“Tell me, Maati. What do you think of slaves?”
The question was an odd one, and his first response—I don’t—seemed too glib for the occasion. Instead, he took a pose requesting clarification as best he could while still walking more quickly than his usual pace.
“Permanent indenture. What’s your opinion of it?”
“I don’t know.”
“Then think for a moment.”
They passed through the hall and onto a wide, flower-strewn path that lead down and to the south. Gardens rich with exotic flowers and fountains spread out before them. Singing slaves, hidden from view by hedges or cloth screens, filled the air with wordless melodies. The sun blared heat like a trumpet, and the thick air made Maati feel almost as if he was swimming. It seemed they’d hardly started walking before Maati’s inner robe was sticky with sweat. He found himself struggling to keep up.
As Maati considered the question, servants and utkhaiem passed, pausing to take poses of respect. His teacher took little notice of them or of the heat; where Maati’s robes stuck, his flowed like water over stone and no sweat dampened his temples. Maati cleared his throat.
“People who have entered into permanent indenture have either chosen to do so, in return for the protection of the holders of their contracts, or lost their freedoms as punishment for some crime,” Maati said, carefully keeping any judgement out of the statement.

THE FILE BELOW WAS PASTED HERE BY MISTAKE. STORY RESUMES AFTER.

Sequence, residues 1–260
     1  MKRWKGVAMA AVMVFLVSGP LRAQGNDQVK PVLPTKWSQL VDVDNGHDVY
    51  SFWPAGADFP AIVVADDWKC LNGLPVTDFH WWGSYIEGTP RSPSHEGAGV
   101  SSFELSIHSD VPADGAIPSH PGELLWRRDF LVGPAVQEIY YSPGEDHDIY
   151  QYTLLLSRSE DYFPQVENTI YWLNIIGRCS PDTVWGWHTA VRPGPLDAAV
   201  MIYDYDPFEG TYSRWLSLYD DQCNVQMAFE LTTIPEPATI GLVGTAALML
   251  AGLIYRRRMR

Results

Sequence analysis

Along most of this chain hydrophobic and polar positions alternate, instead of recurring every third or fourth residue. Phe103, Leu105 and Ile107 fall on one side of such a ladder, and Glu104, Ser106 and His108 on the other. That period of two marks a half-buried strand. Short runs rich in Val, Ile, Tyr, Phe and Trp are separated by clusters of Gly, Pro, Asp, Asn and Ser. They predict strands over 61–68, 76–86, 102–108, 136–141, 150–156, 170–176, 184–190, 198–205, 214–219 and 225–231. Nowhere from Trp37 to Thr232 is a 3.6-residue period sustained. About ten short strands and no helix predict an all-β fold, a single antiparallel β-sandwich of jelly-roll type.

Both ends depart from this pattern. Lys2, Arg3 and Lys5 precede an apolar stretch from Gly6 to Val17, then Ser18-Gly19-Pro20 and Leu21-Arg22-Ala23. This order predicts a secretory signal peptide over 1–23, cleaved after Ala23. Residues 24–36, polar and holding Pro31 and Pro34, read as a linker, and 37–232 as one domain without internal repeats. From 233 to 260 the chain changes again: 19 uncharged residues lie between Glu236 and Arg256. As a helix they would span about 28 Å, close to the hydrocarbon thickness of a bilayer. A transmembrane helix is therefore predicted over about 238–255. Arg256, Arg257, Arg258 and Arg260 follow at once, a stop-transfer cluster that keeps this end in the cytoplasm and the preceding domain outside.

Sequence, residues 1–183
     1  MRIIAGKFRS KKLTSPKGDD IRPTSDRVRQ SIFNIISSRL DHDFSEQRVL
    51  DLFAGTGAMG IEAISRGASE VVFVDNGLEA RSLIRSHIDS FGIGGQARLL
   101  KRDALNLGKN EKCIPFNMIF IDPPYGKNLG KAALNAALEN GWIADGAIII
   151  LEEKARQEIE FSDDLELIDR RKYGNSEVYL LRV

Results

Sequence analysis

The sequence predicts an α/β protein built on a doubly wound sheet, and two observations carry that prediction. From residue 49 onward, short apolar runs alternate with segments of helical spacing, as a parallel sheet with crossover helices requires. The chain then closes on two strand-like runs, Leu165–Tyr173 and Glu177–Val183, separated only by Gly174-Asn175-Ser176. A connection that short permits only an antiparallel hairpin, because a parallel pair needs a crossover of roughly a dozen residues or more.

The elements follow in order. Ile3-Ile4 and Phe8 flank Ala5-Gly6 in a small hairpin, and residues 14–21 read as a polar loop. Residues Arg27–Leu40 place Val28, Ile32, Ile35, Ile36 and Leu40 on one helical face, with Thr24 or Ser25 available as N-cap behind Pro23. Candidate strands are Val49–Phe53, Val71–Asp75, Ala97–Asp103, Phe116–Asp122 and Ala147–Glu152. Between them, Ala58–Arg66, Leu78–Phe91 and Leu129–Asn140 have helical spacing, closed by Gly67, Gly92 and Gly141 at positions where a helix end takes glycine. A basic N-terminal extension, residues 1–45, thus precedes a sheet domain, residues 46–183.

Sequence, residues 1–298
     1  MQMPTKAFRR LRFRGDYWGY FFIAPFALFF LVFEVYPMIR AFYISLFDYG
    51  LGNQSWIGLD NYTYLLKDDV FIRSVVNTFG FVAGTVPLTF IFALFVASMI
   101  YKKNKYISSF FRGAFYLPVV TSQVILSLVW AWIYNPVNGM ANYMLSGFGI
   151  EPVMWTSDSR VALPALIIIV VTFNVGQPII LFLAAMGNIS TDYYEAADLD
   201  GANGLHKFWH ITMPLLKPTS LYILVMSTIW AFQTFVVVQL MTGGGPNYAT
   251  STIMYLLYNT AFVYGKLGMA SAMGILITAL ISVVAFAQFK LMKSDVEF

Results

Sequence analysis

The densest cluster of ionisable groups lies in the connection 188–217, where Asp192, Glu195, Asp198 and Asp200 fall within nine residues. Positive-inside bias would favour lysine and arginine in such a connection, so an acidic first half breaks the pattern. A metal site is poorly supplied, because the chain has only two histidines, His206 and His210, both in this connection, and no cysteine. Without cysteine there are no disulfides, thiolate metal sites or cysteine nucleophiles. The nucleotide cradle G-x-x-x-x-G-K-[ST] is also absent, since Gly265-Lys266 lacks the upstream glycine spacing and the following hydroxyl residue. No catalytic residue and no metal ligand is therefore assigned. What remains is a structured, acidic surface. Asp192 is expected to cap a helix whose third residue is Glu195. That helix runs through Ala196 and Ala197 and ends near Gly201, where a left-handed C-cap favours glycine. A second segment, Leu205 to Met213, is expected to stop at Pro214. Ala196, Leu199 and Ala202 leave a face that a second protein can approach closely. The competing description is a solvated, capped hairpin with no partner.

“Is that what the Dai-kvo taught you?”
“No. It’s just . . . it’s just the way it is. I’ve always known that.”
“And the third case? The andat?”
“I don’t understand.”
The teacher’s dark eyebrows rose on the perfect skin of his forehead. His lips took the slightest of all possible smiles.
“The andat aren’t criminals. Before they’re bound, they have no thought, no will, no form. They’re only ideas. How can an idea enter into a contract?”
“How can one refuse?” Maati countered.
“There are names, my boy, for men who take silence as consent.”
They passed into the middle gardens. The low halls spread before them, and wider paths almost like streets. The temple rose off to their right, wide and high; its sloping lines reminded Maati of a seagull in flight. At one of the low halls, carts had gathered. Laborers milled around, speaking with one another. Maati caught a glimpse of a bale of cotton being carried in. With a thrill of excitement he realized what was happening. For the first time, he was going to see Heshai-kvo wield the power of the andat.
“Ah, well. Never mind,” his teacher said, as if he had been waiting for some answer. “Only Maati? Later on, I’d like you to think about this conversation.”
Maati took a pose appropriate to a student accepting an assignment. As they drew nearer, the laborers and merchants moved aside to make room for them. Members of the utkhaiem were also there in fine robes and expensive jewelry. Maati caught sight of an older woman in a robe the color of the sky at dawn—the personal attendant of the Khai Saraykeht.
“The Khai is here?” Maati asked, his voice smaller than he would have liked.